ELUVEITIE is a small orchestra. The cult band is formed of professional musicians who cast a very special musical spell with their unusual instruments. Everything from teary hurdy-gurdies, to fiddles, bagpipes and mandolas can be heard in their songs.
And all of this on a heavy-duty, raw, and freakin’ awesome background, made out of metal’s best „stuffing”: killer riffs, killer drums and courageous vocals.
Generally labeled „folk-metal”, the unique Swiss orchestra-band Eluveitie has managed to earn the love and admiration of millions, while singing about long-lost stories, in a long-lost language: Gaulish.
Maximum Rock Magazine had the opportunity of talking to Anna Murphy, singer and hurdy-gurdist, who was kind enough to disclose some of her opinions regarding the new album „Helvetios”, metal music and…the future of humanity.
She also told us a secret. The band will perform in Romania soon! But it’s still a secret so…shhhh!
Your voice appears more on your new album, „Helvetios”, and you’ve also done more writing work for the songs. Do you feel that your deeper involvement in these two areas has changed the music? If so, how?
You’re right. I have become more involved in singing and songwriting. I wouldn’t say that this changed the music fundamentally, though. Chrigel is still the main songwriter and his ideas are the things that define the sound of Eluveitie. We have similar tastes regarding harmonies and melodies so it’s very easy to work together and come up with ideas.
Why do you think metal sounds so good combined with unlikely genres like folk music, symphonic music and even Church choirs? Is there a musical genre than cannot be translated into metal?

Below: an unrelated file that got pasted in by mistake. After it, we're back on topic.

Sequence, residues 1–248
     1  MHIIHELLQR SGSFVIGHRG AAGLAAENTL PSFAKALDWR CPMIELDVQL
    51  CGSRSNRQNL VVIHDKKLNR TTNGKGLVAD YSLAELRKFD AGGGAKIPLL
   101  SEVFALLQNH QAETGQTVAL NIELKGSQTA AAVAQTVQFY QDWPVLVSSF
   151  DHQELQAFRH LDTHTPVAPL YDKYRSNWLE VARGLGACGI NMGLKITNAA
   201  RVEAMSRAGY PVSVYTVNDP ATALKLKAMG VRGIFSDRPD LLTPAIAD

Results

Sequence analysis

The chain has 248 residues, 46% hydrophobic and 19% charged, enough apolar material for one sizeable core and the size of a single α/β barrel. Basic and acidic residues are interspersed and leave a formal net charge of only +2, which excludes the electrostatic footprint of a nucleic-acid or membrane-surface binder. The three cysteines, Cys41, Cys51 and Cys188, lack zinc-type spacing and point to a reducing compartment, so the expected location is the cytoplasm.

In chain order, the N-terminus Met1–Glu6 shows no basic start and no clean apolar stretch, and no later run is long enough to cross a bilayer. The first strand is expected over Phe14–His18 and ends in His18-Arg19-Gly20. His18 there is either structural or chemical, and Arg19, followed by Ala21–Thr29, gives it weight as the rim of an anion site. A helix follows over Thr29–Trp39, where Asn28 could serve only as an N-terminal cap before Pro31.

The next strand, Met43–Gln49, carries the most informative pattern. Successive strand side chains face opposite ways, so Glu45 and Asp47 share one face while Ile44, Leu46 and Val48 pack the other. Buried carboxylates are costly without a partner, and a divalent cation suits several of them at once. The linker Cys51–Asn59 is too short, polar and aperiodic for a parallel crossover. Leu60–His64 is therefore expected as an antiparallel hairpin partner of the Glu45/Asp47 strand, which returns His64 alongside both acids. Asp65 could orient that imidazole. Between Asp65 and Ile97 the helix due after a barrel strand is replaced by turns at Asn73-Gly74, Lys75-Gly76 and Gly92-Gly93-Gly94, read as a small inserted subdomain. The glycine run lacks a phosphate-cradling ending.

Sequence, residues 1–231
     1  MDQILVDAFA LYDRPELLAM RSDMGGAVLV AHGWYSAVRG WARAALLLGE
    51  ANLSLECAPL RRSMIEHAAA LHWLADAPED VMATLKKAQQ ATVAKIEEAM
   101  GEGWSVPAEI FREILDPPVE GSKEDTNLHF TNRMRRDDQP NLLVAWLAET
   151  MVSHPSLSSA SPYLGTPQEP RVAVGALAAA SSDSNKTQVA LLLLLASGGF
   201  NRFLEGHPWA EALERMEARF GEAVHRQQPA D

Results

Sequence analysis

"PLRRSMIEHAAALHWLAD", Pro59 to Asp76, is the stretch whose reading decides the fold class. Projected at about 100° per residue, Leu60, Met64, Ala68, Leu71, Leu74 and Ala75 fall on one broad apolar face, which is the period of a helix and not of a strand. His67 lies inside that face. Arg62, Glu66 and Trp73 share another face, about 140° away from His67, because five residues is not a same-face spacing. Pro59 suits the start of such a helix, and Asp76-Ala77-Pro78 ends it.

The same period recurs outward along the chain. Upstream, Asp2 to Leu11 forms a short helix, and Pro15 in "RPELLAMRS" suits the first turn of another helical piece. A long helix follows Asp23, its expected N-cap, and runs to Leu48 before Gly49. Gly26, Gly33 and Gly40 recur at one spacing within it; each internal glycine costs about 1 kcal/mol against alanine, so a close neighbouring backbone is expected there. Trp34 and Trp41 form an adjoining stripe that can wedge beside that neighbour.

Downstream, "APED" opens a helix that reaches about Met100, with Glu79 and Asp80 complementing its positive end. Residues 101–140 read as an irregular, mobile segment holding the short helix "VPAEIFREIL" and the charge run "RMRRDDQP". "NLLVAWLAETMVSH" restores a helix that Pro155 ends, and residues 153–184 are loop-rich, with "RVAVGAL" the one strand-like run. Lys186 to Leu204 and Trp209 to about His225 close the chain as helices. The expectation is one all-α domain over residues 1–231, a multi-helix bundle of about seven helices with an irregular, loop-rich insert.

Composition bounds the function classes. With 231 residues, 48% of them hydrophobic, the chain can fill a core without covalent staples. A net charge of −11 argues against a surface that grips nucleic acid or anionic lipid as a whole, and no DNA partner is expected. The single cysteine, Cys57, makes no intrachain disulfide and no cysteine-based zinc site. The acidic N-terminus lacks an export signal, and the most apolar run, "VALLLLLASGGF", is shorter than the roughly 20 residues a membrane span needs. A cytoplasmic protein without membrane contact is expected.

I have no idea, to be honest. I think it surprises a lot of people that metal can be combined with so many different things. Metal, in itself, is so diverse that you can easily fit it around something else, for instance folk melodies. Something that cannot be translated into metal? Personally, I can’t stand the opera-style singing in metal…I guess that would be Gothic Metal, or whatever it’s called? I love opera, I love metal. But combined? It’s just wrong.
Would you say that this tendency to use the past as a source of inspiration makes you Romantic performers (in the sense of Romanticism as a cultural movement)?
Not really. We just have an authentic concept for our band, lyrically and musically. We’re interested in history and we take a lot of time to do research on Celtic stuff. We also do this in order to write good lyrics, but that’s about it.
Your latest album talks about the Gallic Wars, a very important event in the history of the Helvetii, the ancestors of the Swiss. Do you think that people can still relate to these events, even after hundreds of years after they happened?
I actually don’t think that many people can relate to these events. If it weren’t for Eluveitie, I wouldn’t even know about the Gaulish wars, because you don’t really come across any information. We didn’t even learn about them in school…But apart from that, I think people are just generally moved by events that happened in the past. It’s interesting, it’s where we come from and we can also see today reflected in the past, since history tends to repeat itself.